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Improving Long-Term Memory With Anki: Tips For Starting Out

October 31, 2020

Time To Read: 4 Minutes

Author: Conner Jensen

How can you improve your long-term memory?

Recently I've started using Anki, a spaced repetition memory aid, to assist me in learning Ruby, and Design Patterns.

The basic idea of spaced repetition is that the best time to remember something is right before you're about to forget it.

You create flash cards in Anki, then it takes care of showing you these cards at different intervals.

This way you will "refresh" your memory at just the right time, solidifying the concept into your mind.

Here's an example.

Let's say I am trying to remember what the .empty? method does in Ruby.

I would make a card that says "What does the .empty? method in Ruby do?"

Then on the back it would say something like "It returns true for an array or hash that has a zero length, or an empty string"

Anki would show me this card about 10 minutes after I create it, if it was easy for me to answer then it will show it to me again in an hour.

If it was still easy after an hour then it may not show it to me for a day, then 4 days, and so on.

You should be able to answer the card correctly each time, and the space between your rememberings should be getting larger.

Spaced Repetition Makes Learning More Rewarding

Many times I've read a book, then a few months go by and a friend mentions they just finished it too. I would love to discuss it with them and I remember enjoying the book, however, many of the details have slipped from my memory, making it difficult for me to have an engaging conversation with them about it.

This frustrates me. I want to be able to remember the important parts of books, lectures, and blog posts and while I'm reading or listening I want to know that I will have a good chance of incorporating the important lessons into my life. Using Anki makes learning much more rewarding, knowing that you will be able to remember the important take aways for years to come, gives me the feeling that I am not wasting my time with learning.

Use one Big Deck

When starting out I thought it would be a good idea to have many small decks, with each one niched down to a specific topic I'm attempting to learn.

I found out by reading this article by Michael Nielsen, that it is a much better idea to have one big deck.

He says that using Anki effectively is difficult enough and you should limit the work your brain needs to do. Instead of needing to make a decision where each and every card will go, you can default to throwing everything into one big deck. You may lose 1-2% effectiveness by having one big deck but if you are able to be more consistent by doing so then it doesn't matter.

I tend to agree with him. Having one big deck make it easier for me to create and study cards, which means I am more likely to do so.

It can be difficult to let go of the potential 1-2% gains, especially as someone who loves to optimize things, but the skill of making well constructued Anki cards is difficult enough, and all your mental effort should be spent on this, not the organizational structure of your cards.

Each card should require only one "mental motion"

You should make your cards focused enough that it takes only one mental motion to answer them. This is beneficial because it will train your brain to more easily recall this information at real time. Not only this, but it will also help you understand what you are confused about if you get the card wrongs.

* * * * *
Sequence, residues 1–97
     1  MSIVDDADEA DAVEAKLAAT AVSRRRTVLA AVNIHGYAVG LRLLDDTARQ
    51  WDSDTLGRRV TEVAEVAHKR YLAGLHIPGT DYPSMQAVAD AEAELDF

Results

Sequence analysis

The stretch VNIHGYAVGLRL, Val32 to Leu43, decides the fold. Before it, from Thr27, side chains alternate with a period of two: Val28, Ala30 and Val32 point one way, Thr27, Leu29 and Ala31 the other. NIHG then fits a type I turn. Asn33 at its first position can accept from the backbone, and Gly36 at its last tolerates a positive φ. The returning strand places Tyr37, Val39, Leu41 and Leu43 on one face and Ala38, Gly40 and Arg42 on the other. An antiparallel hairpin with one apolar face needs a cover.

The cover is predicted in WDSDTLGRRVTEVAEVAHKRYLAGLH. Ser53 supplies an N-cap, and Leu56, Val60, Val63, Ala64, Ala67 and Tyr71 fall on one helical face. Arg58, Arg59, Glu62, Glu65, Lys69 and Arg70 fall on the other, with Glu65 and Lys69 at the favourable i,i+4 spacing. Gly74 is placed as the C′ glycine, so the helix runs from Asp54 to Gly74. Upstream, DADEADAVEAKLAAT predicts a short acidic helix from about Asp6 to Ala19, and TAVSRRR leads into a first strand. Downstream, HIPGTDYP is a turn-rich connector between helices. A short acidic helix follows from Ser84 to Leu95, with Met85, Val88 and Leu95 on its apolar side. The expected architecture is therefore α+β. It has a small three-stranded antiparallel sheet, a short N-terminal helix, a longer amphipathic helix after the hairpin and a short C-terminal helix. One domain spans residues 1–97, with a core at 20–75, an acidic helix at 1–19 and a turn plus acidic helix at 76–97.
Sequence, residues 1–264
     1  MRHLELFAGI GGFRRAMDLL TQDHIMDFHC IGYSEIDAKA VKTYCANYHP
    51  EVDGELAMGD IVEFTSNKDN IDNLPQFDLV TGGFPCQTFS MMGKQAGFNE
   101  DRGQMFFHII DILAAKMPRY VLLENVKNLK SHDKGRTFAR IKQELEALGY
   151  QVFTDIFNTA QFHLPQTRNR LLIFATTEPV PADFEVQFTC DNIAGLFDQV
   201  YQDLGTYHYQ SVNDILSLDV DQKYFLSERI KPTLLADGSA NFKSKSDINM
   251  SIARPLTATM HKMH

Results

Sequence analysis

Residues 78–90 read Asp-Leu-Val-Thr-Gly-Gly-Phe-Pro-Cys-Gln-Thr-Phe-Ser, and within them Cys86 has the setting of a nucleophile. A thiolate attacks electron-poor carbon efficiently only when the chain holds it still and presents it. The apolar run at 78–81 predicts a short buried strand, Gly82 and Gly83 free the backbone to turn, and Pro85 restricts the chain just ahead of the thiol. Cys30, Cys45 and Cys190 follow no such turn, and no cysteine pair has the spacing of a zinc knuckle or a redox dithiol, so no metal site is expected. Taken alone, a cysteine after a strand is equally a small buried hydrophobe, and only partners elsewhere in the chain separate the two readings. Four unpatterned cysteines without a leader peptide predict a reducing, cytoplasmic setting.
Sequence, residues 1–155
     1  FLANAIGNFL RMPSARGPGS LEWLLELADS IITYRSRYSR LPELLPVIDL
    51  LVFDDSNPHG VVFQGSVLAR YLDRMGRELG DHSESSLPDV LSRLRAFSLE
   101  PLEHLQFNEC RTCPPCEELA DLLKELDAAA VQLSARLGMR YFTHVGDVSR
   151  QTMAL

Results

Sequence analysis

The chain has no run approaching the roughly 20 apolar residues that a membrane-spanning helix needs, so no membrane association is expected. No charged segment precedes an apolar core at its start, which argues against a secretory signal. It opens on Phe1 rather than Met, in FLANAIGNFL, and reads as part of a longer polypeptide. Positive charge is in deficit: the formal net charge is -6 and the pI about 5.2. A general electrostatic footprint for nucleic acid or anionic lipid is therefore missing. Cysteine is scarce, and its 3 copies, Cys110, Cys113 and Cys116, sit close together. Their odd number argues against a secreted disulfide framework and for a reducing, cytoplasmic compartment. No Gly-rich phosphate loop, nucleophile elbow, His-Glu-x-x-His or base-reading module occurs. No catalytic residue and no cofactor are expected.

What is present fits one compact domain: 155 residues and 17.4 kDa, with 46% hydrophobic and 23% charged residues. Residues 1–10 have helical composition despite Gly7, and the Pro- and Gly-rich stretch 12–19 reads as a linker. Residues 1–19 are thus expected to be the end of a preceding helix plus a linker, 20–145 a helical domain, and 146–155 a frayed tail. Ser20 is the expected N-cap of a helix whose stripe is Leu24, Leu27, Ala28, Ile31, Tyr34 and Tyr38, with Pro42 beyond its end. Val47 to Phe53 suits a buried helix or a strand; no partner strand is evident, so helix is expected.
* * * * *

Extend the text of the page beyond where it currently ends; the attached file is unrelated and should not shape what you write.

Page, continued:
If you find that you are getting certain cards wrong on a regular basis, try breaking them up into smaller cards that have a narrower focus.

Using Anki for conference talks, lectures, and reading

It can be distracting to constanly be breaking focus to create an Anki card. You want your cards to be well crafted and this can take some mental effort.

Instead of trying to create Anki cards whil listening or reading, just take simple notes and then create the cards after the talk is done or you are finished reading.

This will allow you to spend more time crafting more effective cards

Make atleast 3 to 5 cards on a topic

If you only have one card relating to a topic, this can lead to what Michael Nielsen calls "orphan" cards. These orphan cards will not have anything else in your memory that connects to them, making them difficult to recall and remember.

Don't neglect to make "easy" cards

Often times a concept seems so straightforward and easy that I assume I'll never forget it. But don't skip over making cards for these types of things. Often times these "easy" concepts are foundational to learning the more difficult things and it's important to have a solid understanding of them before moving on.

It can seem pointless to make a card for these easy ideas, but keep in mind that you are currently immersed in the topic, in the future the "easy" stuff may to be as easy for you to remember as it is now.

Conclusion

My advice, as a new Anki practitioner, is that you just start making cards. Don't worry too much if you are doing things in the most optimal way. Just start throwing cards into One Big Deck and then study them at the intervals Anki determines for you. Give this a week and I think you'll start to see results. These results will only further motivate you to continue using the Anki system and from there the sky is the limit.

Thanks for reading and I hope you start implementing the Anki method of space repitition for increasing your long-term memory in your daily life.

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